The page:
Promoted Pins are Pinterest ads, which allow you to pay to have your Pin seen by more Pinners. They often perform better than organic Pins, bringing in more clicks, saves, leads, and sales. With new targeting options and vastly-improved dashboard, advertisers are finding success on Pinterest – and sometimes at a steal.
Have you tried Pinterest Promoted Pins? Would you like to increase your advertising results AND reduce your ad spend?
With a few simple tips, you can do just that. In this article, I’ll share tried and tested suggestions from the experts. Use any one of them and you’ll be promoting with confidence in no time!
Before I get to the tips, let me introduce myself. My name is Alisa Meredith and I’m the new Content Marketing Manager here at Tailwind. Pinterest Promoted Pins is my passion and so I’m fortunate to be able to manage the Pinterest ad campaigns (among other things) for Tailwind.
If you have never run a Promoted Pin campaign, don’t fret! There’s a step-by-step over here, and really, the walkthrough of the steps that Pinterest gives you is very simple. What follows are pro tips that even beginners can use. Let’s go!
Pinterest allows you to target Promoted Pin Ad Groups to your own audiences. These warm audiences tend to convert to website visits, sales, and email signups at a higher rate than do strangers (cold audiences). In fact, some (including ME) have seen click-through rates 3X when using visitor targeting. They’re very easy to set up at Ads > Audiences.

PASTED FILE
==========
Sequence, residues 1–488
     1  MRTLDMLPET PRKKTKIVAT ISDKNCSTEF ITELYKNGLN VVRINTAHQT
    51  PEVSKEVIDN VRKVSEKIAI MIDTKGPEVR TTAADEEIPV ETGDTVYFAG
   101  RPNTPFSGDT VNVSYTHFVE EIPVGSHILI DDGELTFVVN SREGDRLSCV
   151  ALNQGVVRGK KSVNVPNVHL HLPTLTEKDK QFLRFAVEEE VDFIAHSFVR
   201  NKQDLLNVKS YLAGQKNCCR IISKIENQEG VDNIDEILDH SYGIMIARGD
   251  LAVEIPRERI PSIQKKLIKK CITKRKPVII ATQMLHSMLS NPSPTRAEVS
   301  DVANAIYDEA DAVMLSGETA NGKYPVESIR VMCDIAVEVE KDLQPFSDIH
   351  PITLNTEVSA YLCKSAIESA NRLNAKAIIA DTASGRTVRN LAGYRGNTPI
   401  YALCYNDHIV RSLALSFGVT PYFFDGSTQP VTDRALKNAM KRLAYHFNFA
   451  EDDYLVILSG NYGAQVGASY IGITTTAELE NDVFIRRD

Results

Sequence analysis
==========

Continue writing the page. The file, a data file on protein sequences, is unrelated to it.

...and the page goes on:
You can target:
BUT, you can only target visitors if you first install the Conversion Tracking code on your site. Before you run screaming from the terror that is “code,” let me assure you – it is very simple, especially if you use WordPress. The code, which you get at Ads > Conversion Tracking, just needs to go on every page of your site in thetag. If you install a plugin such as Insert Headers and Footers, it will take you all of thirty seconds. Naturally, it only begins collecting data on visitors the day it’s installed – so do it now!
To target your own customer or email subscribers, just import a .csv file of email addresses only. You’ll want to update this file regularly.